Wednesday, January 11, 2017

A Monster Calls

Year: 2016
Director: J.A. Bayona
Cast: Lewis MacDougall, Felicity Jones, Liam Neeson, Sigourney Weaver, Toby Kebbell

Plot: A young boy whose mother is suffering from terminal cancer befriends a tree monster who helps him deal with his grief.

Review: First things first. If you're thinking this film is similar to kiddie movies like The BFG or Pete's Dragon, you are seriously mistaken. This is not THAT kind of film. A Monster Calls may be a fantasy film, but it is not the cute type. In fact, it deals with some very serious issues, like life and death.

Connor is a young boy whose mother is suffering from cancer. Her condition grows worse day after day, and he tries to stay strong, but it isn't easy, and getting picked on by bullies at school certainly doesn't help. His overly strict grandmother drives him up the wall with her rules as well. One night, he encounters a tree monster outside his house. The monster offers to tell him three stories, and in return Connor has to tell him the truth about his nightmare, which keeps him up at night.

The theme of the film, about death and how to deal with it, may seem bleak, but director J.A. Bayona presents the subject matter in a way that never seems cliched or too tragic, and he certainly doesn't dumb it down for the audience. It's so effective that those of you who have ever lost someone will certainly relate to this. Heck, even the best cynics will probably choke up by the film's end.

The best moments of the film are when the monster tells his stories to Connor, which Bayona illustrates to us via water color graphics, which look really beautiful despite its simplicity. Connor himself sketches from time to time, so art definitely plays a significant part in this film. Speaking of the stories, they are good tales that will teach a thing or two about life, people and what we believe.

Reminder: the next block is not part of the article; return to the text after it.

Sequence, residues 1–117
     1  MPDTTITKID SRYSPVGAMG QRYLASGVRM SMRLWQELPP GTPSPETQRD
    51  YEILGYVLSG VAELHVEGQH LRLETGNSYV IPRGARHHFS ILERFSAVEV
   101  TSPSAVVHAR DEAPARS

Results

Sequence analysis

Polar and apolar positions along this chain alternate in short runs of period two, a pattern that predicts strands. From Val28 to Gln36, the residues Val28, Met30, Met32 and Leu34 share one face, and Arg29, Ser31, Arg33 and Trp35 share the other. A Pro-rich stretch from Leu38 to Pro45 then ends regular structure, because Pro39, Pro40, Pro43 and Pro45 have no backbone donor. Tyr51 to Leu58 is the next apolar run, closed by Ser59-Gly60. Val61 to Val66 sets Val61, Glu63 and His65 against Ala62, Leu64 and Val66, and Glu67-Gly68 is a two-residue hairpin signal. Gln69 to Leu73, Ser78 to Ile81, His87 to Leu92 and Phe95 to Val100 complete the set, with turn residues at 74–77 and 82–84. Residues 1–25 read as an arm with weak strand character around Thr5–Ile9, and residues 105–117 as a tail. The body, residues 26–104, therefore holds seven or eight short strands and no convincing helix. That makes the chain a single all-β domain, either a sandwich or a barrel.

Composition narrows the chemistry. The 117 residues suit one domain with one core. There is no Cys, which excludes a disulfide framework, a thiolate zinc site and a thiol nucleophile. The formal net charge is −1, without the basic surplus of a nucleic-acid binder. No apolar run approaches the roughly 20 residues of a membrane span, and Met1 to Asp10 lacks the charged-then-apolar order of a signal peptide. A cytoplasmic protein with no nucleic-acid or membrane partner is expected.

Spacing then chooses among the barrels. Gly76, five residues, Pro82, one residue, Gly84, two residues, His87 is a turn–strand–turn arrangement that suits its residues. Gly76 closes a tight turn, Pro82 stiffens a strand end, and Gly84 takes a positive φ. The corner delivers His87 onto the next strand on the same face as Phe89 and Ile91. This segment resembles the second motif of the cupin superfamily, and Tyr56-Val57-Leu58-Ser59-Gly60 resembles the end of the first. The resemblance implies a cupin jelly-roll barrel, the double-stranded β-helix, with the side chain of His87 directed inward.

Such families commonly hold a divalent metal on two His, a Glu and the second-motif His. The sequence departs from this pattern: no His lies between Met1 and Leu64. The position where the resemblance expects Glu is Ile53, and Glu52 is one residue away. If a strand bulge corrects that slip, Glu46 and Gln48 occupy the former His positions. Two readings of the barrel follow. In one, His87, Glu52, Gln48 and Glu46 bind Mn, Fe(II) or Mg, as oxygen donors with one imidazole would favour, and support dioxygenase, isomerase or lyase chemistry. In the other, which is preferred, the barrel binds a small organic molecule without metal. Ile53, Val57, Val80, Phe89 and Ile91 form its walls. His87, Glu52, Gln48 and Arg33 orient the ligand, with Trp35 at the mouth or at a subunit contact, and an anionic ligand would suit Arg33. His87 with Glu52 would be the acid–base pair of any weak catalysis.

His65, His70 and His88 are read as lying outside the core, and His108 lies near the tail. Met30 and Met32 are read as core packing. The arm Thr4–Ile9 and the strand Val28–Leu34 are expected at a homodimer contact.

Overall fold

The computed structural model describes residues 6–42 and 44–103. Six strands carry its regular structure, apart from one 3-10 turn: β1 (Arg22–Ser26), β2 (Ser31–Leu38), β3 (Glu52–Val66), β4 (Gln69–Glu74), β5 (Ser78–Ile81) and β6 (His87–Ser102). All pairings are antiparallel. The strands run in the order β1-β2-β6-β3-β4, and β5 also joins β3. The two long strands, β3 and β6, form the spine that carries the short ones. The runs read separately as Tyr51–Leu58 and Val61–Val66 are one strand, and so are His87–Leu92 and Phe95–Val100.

Fourteen year old Lewis MacDougall is simply superb as Connor, displaying a level of acting that would put many adult actors out there to shame. He makes Connor really easy to relate to and sympathize with, and in the film's climax, he's in such a way that you can't help but want to give the boy a hug. Lewis is gonna be a big deal in the future. Felicity Jones also puts in great work as Connor's sickly mother, a far cry from her lead role in Rogue One. Liam Neeson is also a perfect choice to voice the monster, which by the way looks like Treebeard from LOTR, but less menacing.

Sigourney Weaver is solid as Connor's grandmother, but I wonder why Bayona cast her when they could have picked an English actress, which for me would have been less distracting. Not that Weaver can't pull off an English accent, it just wasn't obvious enough. Toby Kebbell also shines as Connor's dad, but his subplot seemed extraneous to me, as it doesn't really affect the final outcome.

In the end, A Monster Calls is a cathartic film that convincingly deals with a subject most of us know about but most likely avoid thinking about. Like Pixar's Inside Out, it will stir all the right emotions and touch your heart. Recommended. (8.5/10) 

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